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COUNCIL OF SCHOOL ATTORNEYS UDPATE: Student Data Privacy at the Brink of Legal Change

By Sonja Trainor
Director, Council of School Attorneys (COSA)

At last week’s National Student Privacy Symposium here in Washington D.C., one point was clear--student data privacy concerns are real, and real change is about to happen. The event, put on by the Future of Privacy Forum and the Data Quality Campaign, brought together thought leaders and advocates to discuss the potential power of data to improve student learning, along with the very real fears about how data is gathered, stored, and used. 

National Student Privacy Symposium

Now, with a handful of bills pending in Congress and 28 new data privacy laws enacted in state legislatures last year, we are in the midst of a storm of legal change that will inevitably affect how public schools form policy on student data privacy.

NSBA and its Council of School Attorneys have been actively participating in this discussion at the national level, providing the school board perspective in conversations on best practices and proposed legislation. In June, NSBA issued comments on a draft update to the 40-year-old Family Educational Rights and Privacy Act (FERPA). NSBA staff working in the legal, legislative, and technology areas have attended, spoken, and written on data privacy as a key issue facing public education. NSBA’s Data in the Cloud guide for school boards provides best practice recommendations.

Concern and Enthusiasm

The real concerns of privacy advocates, and the real potential to support student learning through the use of data, were on full display at the Symposium. One attendee expressed concern that personal student data like a student’s body mass index or grades are sometimes shared electronically in the classroom. A panelist noted parent fears about a “permanent record” following their children and education technology companies using student data to market to children or their families.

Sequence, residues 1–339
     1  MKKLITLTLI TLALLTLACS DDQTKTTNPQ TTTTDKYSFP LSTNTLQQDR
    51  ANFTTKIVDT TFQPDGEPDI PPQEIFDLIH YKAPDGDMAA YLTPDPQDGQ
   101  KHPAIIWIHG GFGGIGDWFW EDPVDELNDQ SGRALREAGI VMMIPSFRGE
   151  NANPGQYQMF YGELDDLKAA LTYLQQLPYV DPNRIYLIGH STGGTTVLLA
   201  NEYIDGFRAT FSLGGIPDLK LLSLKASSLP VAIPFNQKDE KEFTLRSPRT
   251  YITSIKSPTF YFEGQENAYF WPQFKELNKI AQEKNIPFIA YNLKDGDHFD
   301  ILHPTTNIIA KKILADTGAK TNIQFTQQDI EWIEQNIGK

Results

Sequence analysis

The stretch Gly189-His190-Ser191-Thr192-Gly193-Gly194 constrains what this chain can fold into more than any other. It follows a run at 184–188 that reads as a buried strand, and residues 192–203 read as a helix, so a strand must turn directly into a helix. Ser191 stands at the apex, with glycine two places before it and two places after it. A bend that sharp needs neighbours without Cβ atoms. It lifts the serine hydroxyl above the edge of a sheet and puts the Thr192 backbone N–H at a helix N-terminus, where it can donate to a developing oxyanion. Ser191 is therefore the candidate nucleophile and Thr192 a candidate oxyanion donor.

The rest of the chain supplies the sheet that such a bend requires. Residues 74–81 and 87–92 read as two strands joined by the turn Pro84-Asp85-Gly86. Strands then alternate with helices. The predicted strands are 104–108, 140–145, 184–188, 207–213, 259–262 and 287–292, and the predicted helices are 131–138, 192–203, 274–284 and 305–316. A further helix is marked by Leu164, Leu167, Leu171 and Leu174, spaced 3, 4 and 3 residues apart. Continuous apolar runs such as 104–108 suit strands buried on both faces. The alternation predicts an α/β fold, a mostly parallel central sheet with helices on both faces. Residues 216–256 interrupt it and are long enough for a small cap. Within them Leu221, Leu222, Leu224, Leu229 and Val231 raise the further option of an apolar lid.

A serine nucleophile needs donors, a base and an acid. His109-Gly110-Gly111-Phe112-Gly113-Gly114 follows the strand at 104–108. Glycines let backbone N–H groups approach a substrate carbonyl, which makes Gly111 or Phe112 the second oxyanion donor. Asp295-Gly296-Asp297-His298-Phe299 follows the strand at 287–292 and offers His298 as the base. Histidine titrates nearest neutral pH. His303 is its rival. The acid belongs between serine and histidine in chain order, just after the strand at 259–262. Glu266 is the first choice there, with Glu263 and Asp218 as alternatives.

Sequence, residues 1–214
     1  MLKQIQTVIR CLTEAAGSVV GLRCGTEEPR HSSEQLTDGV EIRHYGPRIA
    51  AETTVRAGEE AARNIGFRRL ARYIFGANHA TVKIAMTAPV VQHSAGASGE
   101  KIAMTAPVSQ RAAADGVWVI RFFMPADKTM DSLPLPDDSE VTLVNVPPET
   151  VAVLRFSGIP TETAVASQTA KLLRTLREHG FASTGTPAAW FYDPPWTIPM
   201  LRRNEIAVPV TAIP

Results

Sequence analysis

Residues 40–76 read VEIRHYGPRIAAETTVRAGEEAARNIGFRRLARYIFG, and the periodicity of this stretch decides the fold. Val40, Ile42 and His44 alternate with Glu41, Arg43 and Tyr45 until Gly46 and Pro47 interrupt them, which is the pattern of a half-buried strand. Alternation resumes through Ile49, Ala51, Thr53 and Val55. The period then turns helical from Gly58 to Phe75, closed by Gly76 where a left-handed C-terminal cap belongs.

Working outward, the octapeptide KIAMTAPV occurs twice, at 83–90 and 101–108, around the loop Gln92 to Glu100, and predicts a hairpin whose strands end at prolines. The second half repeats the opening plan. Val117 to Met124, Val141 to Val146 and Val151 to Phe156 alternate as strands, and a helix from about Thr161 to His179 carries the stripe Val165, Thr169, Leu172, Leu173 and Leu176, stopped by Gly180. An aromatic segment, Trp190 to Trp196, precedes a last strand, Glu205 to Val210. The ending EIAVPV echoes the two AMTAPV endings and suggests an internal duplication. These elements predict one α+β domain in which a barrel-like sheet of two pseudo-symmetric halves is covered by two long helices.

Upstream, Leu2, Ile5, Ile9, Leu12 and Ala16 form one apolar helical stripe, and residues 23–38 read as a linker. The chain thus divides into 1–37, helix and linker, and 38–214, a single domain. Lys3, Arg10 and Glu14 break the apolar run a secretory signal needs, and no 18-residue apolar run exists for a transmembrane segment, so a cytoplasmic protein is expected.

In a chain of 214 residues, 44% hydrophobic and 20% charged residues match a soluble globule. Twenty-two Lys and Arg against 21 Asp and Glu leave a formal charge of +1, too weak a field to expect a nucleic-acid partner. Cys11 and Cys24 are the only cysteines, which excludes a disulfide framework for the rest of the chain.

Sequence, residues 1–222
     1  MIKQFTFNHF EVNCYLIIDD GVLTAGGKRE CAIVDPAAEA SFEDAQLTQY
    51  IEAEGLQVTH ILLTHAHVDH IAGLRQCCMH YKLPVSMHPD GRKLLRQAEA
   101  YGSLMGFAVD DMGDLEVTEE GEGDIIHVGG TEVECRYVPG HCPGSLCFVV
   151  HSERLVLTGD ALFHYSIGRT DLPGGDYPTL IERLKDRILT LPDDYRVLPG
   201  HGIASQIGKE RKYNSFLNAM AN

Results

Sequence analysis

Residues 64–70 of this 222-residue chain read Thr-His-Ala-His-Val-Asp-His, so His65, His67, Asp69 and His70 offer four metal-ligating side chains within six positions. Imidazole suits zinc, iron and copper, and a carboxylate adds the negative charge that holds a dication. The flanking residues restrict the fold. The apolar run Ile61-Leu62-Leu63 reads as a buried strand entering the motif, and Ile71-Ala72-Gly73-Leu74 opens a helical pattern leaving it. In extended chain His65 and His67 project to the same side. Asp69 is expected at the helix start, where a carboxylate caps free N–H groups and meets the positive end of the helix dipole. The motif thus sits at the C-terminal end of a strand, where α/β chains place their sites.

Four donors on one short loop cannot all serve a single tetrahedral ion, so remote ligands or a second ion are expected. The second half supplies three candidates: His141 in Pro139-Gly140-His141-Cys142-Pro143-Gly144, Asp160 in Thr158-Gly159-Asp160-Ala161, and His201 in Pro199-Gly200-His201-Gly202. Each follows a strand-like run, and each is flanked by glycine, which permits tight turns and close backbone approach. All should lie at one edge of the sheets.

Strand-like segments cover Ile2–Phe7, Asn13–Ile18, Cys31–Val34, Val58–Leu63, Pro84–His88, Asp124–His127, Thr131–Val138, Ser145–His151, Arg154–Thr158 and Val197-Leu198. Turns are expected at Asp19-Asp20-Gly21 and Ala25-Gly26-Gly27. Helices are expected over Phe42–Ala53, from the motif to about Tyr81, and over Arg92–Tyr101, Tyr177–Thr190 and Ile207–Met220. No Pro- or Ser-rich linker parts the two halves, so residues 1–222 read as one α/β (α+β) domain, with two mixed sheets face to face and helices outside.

Many educators were excited about the power of technology to enhance a child’s educational experience. A Massachusetts teacher spoke of her use of online tools to engage students through active conversation, to access primary source material, to bring in speakers via video feed, and to discuss written work electronically.

Researchers spoke about their need for access to de-identified, but representative and detailed, data sets so they can produce helpful studies to inform decisions by policy-makers for the benefit of all students. They warned that mass “opt-outs” of research studies may create misleading findings.

The Future of Privacy Forum released the results from a recent parent survey. The survey found that a majority of responding parents were unaware of state and federal legal protections for student privacy and wanted to see new laws in place for this purpose.

The Future

Where is all of this discussion leading us? Toward new and updated federal and state laws.

In the bills introduced in Congress over the past several months, we see attempts to address the concerns on display at the Symposium. The Family Educational Rights and Privacy Act (FERPA) overhaul introduced in July, for example, would add requirements for schools’ contracts with providers of online educational services, and require certain security measures for student data. And, it would give the Department of Education authority to impose fines on districts that violate FERPA. Other bills would place tighter restrictions on companies that provide online educational services. In the meantime, state legislatures have been very busy enacting laws with similar themes.

As several panelists noted at this week’s symposium, we are at a crucial juncture in the student data privacy conversation, as we try to balance the privacy interests of the individual student against the larger good of using technology and data to support learning and to inform policy. NSBA and its Council of School Attorneys, with and through its member state school boards associations, will remain active participants in this conversation.

Check out NSBA’s Legal Clips, for updates on hot issues in school law, and the Council of School Attorneys pages for resources and live learning opportunities for school attorneys.

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